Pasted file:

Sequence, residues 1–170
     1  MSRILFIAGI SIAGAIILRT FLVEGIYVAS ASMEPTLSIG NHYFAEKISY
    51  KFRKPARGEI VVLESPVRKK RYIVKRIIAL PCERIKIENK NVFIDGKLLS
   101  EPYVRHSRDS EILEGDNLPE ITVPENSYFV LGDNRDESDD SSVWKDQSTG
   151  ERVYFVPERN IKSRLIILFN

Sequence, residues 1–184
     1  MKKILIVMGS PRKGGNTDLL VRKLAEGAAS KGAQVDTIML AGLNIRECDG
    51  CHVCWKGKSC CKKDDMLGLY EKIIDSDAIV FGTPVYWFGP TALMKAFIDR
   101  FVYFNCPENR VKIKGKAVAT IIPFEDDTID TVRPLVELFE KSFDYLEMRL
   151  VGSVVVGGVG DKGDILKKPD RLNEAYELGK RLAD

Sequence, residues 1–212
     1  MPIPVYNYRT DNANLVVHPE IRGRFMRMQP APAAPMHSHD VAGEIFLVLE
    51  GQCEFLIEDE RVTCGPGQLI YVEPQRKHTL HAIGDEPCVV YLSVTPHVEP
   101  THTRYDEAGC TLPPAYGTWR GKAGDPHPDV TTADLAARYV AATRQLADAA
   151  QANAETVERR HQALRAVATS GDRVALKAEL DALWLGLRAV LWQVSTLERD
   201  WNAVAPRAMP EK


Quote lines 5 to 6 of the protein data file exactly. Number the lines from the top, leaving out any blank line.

   151  ERVYFVPERN IKSRLIILFN

Sequence, residues 1–184